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What is Total Worker Health™ ?

Total Worker Health™ is a strategy integrating occupational safety and health protection with health promotion to prevent worker injury and illness and to advance health and well-being.

Today, emerging evidence recognizes that both work-related factors and health factors beyond the workplace jointly contribute to many safety and health problems that confront today’s workers and their families. Traditionally, workplace safety and health programs have been compartmentalized. Health protection programs have focused squarely on safety, reducing worker exposures to risk factors arising in the work environment itself. And most workplace health promotion programs have focused exclusively on lifestyle factors off-the-job that place workers at risk. A growing body of science supports the effectiveness of combining these efforts through workplace interventions that integrate health protection and health promotion programs.

In June 2011, NIOSH launched the Total Worker Health (TWH) Program as an evolution of the NIOSH Steps to a Healthier US. Workforce and the NIOSH WorkLife Initiatives. TWH is defined as a strategy integrating occupational safety and health protection with health promotion to prevent worker injury and illness and to advance worker health and well-being. The TWH Program supports the development and adoption of ground-breaking research and best practices of integrative approaches that address health risk from both the work environment (physical and organizational) and individual behavior. The original scientific rationale for expanding research on the benefits of integrated programs to improve worker health and workplace safety was published in 2012 in a research compendium of three seminal papers on the science and practice of integrating health protection and health promotion, The NIOSH Total Worker Health™ Program: Seminal Research Papers 2012.

Keeping Workers Safe is Fundamental to Total Worker Health

With the Congressional mandate "to assure so far as possible every man and woman in the Nation safe and healthful working conditions and to preserve our human resources," NIOSH recognizes keeping workers safe is the foundation upon which Total Worker Health is achieved. Employers and employer-employee partnerships wishing to establish effective workplace programs that sustain and improve worker health must first consider the foundational principles of occupational safety and health that are dedicated to keeping workplaces safe and workers protected. First-dollar investments must address hazardous working conditions. Only after these safeguards are in place can organizations move their workforce toward a state of total worker health. Employers who opt for wellness programs in the absence of adequate workplace safety and health protections are not applying the principles of Total Worker Health.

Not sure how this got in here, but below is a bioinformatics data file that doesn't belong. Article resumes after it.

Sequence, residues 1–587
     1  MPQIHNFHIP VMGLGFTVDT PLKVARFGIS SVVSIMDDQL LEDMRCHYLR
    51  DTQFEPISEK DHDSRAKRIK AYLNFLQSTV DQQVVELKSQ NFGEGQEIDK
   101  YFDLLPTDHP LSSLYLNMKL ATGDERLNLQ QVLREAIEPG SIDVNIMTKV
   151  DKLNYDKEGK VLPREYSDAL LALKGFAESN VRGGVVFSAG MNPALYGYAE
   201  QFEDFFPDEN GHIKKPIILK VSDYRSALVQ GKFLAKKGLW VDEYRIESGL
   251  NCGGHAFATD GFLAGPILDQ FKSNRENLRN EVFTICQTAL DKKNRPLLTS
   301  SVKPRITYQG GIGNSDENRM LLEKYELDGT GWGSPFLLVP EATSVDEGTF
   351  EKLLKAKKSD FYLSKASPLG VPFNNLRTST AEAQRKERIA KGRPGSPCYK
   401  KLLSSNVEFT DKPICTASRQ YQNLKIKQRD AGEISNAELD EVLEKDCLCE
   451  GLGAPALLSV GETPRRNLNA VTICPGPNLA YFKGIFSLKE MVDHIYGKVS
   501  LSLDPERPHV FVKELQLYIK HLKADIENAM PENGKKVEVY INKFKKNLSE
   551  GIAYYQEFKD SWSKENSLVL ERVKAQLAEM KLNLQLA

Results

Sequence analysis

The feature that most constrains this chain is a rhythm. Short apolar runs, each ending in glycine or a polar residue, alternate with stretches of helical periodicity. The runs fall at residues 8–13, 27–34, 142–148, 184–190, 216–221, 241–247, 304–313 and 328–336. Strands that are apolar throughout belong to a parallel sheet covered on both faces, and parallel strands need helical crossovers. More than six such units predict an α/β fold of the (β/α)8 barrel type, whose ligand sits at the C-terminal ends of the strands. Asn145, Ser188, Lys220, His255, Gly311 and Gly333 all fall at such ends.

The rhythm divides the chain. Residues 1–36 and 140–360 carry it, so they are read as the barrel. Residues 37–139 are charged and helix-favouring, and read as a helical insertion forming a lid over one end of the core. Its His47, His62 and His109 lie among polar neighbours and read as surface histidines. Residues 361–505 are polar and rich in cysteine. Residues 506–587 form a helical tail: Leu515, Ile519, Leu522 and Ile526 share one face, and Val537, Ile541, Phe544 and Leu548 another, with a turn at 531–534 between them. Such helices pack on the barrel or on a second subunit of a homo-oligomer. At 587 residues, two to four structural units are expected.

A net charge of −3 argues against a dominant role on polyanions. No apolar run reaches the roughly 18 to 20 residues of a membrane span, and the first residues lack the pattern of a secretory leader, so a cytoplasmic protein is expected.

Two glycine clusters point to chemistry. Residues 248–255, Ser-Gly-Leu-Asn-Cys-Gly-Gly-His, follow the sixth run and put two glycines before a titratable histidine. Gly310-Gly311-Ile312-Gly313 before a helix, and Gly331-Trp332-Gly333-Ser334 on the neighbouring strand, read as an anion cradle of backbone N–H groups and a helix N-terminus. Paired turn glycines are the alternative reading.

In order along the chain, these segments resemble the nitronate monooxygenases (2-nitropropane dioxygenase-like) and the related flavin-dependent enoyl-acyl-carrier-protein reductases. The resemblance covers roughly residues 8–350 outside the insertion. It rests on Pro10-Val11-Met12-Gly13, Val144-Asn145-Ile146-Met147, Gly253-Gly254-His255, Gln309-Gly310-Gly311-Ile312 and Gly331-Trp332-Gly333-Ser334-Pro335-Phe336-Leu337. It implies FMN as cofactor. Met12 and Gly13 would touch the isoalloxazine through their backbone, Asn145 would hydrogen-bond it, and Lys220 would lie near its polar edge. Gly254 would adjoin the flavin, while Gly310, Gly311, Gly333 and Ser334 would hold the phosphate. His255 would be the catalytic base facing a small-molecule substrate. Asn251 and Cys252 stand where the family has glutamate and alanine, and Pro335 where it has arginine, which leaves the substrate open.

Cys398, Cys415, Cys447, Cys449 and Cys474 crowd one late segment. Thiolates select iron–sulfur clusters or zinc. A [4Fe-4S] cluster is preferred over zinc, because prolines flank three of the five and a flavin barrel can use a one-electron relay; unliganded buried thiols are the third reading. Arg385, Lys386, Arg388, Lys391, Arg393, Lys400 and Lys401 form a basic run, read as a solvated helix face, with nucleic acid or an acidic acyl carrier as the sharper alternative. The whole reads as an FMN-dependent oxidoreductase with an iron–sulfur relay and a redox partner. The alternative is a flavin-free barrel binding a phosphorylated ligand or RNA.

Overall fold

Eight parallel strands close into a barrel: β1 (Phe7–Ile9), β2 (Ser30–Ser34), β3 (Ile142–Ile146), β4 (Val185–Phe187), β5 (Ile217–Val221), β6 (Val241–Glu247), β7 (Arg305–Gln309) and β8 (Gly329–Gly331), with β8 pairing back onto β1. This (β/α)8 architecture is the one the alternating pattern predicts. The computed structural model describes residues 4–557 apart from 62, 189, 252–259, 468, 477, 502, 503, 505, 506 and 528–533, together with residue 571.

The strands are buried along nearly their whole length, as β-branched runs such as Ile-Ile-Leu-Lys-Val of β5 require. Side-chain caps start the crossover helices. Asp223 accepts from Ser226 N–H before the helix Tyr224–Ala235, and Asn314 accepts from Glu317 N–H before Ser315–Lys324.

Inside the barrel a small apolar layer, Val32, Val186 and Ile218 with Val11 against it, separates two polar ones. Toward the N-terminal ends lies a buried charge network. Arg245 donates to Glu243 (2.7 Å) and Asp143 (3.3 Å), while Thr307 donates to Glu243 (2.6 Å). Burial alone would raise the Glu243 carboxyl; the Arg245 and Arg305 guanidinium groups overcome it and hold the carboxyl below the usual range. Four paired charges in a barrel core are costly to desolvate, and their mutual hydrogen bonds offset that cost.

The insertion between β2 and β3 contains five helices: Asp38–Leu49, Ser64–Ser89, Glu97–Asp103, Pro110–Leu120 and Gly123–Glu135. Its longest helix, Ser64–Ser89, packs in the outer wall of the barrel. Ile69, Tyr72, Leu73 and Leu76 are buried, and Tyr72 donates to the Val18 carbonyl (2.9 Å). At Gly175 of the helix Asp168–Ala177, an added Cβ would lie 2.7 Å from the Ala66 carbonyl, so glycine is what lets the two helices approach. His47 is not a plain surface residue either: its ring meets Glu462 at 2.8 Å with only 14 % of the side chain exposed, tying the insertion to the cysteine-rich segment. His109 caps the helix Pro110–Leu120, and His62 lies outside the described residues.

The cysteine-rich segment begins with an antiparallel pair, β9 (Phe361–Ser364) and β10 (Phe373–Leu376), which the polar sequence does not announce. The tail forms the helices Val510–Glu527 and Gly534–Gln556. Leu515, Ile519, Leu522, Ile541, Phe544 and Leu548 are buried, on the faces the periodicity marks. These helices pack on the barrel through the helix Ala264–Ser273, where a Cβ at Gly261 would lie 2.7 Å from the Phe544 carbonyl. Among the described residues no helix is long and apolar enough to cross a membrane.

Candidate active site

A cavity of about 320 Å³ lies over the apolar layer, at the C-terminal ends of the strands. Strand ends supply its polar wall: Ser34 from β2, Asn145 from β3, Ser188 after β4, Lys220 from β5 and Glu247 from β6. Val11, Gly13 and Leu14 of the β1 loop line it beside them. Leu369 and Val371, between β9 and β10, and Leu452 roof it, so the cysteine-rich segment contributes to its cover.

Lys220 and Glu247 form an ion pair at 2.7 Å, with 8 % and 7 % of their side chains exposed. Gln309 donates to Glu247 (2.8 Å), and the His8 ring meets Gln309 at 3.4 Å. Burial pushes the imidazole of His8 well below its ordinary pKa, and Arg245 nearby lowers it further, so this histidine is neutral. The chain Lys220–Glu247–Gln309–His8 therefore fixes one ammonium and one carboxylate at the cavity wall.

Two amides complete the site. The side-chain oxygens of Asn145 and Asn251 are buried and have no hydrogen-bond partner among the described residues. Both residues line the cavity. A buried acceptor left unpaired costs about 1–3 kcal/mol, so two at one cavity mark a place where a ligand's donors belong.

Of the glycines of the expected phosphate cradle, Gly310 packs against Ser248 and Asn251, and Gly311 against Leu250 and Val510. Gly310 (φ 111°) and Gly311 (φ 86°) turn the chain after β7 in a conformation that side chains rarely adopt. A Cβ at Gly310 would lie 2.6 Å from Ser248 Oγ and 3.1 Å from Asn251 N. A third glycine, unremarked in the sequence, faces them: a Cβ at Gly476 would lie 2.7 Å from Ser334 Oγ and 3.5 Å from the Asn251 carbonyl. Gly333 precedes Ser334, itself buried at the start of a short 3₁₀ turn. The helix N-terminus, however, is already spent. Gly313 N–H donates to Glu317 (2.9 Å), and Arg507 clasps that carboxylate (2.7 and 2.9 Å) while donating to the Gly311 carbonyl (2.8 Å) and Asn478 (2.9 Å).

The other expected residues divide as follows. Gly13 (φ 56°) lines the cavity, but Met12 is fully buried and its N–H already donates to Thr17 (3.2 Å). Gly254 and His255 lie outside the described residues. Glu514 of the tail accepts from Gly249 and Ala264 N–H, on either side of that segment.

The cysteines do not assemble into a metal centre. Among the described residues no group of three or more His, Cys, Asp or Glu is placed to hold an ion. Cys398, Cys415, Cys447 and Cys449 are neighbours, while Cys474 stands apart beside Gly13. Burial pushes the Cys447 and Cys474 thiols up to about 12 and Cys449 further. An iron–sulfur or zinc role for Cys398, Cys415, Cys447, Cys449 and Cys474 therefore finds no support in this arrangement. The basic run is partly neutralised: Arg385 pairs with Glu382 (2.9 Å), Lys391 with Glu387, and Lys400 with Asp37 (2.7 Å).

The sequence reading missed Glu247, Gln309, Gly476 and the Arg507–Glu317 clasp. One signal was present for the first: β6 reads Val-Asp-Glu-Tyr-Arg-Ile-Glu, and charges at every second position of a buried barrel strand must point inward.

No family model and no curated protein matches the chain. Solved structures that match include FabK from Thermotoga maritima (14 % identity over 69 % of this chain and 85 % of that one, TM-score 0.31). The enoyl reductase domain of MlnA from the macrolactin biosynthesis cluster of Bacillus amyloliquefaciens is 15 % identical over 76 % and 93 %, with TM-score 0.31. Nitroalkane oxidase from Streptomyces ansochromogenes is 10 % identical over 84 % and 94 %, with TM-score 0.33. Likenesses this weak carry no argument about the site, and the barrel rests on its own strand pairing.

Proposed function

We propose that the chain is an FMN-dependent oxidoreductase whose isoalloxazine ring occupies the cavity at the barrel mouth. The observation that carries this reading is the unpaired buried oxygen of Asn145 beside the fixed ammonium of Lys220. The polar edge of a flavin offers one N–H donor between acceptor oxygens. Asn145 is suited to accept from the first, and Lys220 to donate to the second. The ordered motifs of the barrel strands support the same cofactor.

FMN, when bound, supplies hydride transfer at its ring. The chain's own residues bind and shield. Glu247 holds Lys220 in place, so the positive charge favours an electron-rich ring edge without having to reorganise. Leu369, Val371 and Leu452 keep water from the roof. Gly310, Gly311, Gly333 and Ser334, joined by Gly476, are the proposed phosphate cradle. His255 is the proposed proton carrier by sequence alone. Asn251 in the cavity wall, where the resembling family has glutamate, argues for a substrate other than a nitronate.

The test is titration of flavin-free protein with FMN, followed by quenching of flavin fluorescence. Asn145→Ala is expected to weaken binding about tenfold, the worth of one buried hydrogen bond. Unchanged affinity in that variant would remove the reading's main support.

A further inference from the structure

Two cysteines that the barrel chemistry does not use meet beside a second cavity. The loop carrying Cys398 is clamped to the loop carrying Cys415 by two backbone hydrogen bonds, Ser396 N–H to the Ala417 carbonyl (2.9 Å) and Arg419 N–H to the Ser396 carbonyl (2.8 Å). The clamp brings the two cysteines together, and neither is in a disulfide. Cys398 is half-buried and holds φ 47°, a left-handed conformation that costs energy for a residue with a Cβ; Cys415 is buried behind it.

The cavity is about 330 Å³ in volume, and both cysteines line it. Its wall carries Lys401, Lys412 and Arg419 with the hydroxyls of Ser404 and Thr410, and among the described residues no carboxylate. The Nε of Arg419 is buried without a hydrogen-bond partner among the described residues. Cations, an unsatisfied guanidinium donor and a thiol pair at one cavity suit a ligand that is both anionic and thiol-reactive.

Published in 2010, the NIOSH Essential Elements of Effective Workplace Programs and Policies for Improving Worker Health and Wellbeing identifies twenty components of a comprehensive work-based health protection and health promotion program and includes both guiding principles and practical direction for organizations seeking to develop effective workplace programs. After understanding these guiding principles and necessary worker protections, organizations will be better positioned to develop an integrated approach that addresses occupational safety and health, workplace health promotion, and the psychosocial work environment at environmental, organizational, and individual levels, all to move more closely to a safer, healthier and thriving workplace.

The "Issues Relevant to Total Worker Health™" graphic below is an at-a-glance visual of issues relevant to integrating occupational safety and health protection with health promotion. The lists below are not meant to be exhaustive, but, rather they illustrate the breadth of issues related to work that have the potential to impact health and should be considered as strategies are developed for integration of health protection and health promotion activities.

*Issues in these lists are for illustrative purposes and are not meant to be exhaustive

The integration of health protection and health promotion involves the comprehensive development and implementation of organizational programs, policies and practices that minimize and/or eliminate workplace physical, biological, and psychosocial hazards and risks, promote healthy behaviors, and provide resources for maintaining and optimizing a safe, healthy and productive workforce – both on and off the job.

TWH strategies and interventions include but are not limited to:

  • Provision of mandated respiratory protection programs that simultaneously and comprehensively address and provide supports for tobacco cessation.
  • Ergonomic consultations that discuss work design, joint health and arthritis prevention and management strategies.
  • Provision of onsite, comprehensive workplace screenings for work and non-work related health risks.
  • Models that combine occupational health services with workplace primary care.
  • Regular communication and demonstration of senior leadership and management commitment to support a culture of health of safety and health across the organization.
  • A systems-level approach that coordinates the organizational alignment (i.e., reporting, funding) of traditional safety and environmental health programs, occupational health clinics, behavioral health, workplace health promotion programs, health benefits, and compensation and disability management.

For hands-on guidelines and resources on creating or expanding organizational cultures of safety, health and well-being, visit http://www.cdc.gov/niosh/twh/letsgetstarted.html

 
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